- MITS (June 1975). "MITS advertisement". Digital Design. CMP Information. 4 (6). Archived from the original on 10 December 2007. Retrieved 2008-01-01. "There was a subsequent article in February's Popular Electronics and the MITS people knew the Altair was here to stay. During that month alone, over 1,000 mainframes were sold. Datamation, March 1975." "By the end of May, MITS had shipped over 2,500 Altair 8800's"
- Green, Wayne (October 1975). "From the Publisher .. Are they real?". BYTE. Green Publishing. 1 (2): 61, 81, 87. In August 1975 Wayne Green visited several personal computer manufacturers. A photo caption in his trip report says; "Meanwhile, at MITS, over 5,000 Altair 8800's have been shipped. Here is a view of part of the production line."
- Roberts, H. Edward (October 1975). "Letter from the President". Computer Notes. Altair Users Group, MITS Inc. 1 (5): 3. Archived from the original on March 23, 2012. Retrieved 2008-07-12. "We had less than 20 employees when we introduced the Altair and now we have grown to 90 as a result of our Altair customers." Roberts also discussed the problems with the 4K dynamic RAM boards. Customers got a $50 refund.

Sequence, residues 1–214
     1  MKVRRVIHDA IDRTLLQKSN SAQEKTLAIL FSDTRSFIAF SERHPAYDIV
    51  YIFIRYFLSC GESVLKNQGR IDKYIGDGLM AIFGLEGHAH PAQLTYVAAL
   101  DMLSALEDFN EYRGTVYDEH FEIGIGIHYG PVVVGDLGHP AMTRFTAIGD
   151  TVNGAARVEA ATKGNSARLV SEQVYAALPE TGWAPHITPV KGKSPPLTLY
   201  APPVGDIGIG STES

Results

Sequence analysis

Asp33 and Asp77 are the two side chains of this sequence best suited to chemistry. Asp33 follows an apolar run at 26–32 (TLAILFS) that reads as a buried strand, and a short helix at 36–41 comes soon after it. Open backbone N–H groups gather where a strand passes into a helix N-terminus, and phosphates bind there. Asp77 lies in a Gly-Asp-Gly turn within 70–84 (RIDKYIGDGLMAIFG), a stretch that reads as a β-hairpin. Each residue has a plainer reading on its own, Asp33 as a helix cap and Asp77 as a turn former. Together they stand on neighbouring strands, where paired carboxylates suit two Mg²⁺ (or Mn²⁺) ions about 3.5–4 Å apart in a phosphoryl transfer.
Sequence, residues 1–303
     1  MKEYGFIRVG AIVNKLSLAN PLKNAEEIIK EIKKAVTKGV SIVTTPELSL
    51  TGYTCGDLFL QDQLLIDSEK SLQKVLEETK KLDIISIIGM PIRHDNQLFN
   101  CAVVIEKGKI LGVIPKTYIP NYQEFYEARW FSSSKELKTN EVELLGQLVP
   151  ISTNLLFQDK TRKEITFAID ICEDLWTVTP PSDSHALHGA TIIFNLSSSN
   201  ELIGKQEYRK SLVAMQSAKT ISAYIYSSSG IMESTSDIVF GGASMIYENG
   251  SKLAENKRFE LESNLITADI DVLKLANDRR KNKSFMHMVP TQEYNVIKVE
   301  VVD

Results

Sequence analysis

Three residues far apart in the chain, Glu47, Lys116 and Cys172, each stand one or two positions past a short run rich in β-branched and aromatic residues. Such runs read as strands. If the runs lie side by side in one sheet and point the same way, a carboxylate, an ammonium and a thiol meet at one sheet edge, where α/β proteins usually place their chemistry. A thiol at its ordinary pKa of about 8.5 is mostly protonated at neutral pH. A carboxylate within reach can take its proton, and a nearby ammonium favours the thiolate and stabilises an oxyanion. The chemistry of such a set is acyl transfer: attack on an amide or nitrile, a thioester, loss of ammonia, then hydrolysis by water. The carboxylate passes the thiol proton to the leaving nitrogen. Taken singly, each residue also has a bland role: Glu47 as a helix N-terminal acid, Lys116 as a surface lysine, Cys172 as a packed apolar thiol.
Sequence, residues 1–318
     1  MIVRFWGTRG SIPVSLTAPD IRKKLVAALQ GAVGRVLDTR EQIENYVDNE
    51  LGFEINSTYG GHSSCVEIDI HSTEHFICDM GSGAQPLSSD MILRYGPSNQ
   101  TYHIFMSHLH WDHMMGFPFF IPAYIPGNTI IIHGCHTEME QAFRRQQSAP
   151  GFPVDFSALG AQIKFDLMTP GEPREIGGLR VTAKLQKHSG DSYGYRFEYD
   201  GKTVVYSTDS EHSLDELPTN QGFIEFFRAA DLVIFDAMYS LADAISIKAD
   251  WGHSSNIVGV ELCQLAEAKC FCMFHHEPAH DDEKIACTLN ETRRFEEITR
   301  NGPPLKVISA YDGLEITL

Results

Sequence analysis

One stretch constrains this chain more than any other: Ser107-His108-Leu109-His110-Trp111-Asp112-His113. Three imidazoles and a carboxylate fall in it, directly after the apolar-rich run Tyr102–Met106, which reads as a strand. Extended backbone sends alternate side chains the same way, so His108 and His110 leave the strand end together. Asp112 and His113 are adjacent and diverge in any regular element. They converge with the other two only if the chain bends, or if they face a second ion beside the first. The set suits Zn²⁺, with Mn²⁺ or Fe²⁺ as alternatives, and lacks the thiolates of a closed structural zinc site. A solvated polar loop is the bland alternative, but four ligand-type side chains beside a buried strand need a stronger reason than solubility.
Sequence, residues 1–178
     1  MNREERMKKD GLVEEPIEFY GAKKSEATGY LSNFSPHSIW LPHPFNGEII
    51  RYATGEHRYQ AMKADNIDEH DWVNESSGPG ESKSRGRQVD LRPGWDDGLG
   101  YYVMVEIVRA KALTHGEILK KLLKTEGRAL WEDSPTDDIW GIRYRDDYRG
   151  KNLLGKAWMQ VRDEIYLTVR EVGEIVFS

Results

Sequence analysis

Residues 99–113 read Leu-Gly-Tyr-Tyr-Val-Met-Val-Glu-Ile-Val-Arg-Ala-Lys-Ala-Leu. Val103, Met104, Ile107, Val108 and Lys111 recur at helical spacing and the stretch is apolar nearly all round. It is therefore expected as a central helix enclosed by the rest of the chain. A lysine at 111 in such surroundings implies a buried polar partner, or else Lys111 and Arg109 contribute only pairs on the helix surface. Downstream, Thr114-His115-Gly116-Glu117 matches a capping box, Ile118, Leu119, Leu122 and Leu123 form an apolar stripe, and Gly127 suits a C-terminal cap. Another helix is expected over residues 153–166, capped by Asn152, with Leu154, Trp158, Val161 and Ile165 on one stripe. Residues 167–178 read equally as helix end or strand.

- MITS (August 1975). "Worlds Most Inexpensive BASIC language system". Popular Electronics. Vol. 8 no. 2. Ziff Davis. p. 1.
- Moore, Fred (July 1976). "Hardware". Homebrew Computer Club Newsletter. 1 (5): 2, 5. Retrieved 2007-12-30.
- Littman, Jonathan (1987). Once Upon a Time in ComputerLand: The Amazing, Billion-Dollar Tale of Bill Millard. Los Angeles: Price Stern Sloan. p. 18. ISBN 0-89586-502-5. "Later that day, December 16 , United Parcel Service picked up the first shipment of 50 IMS computer kits for delivery to customers."
- "MITS - ALTAIR COMPANY IS SOLD TO PERTEC (MAY 1977)". OldComputers.Com. Retrieved October 14, 2015.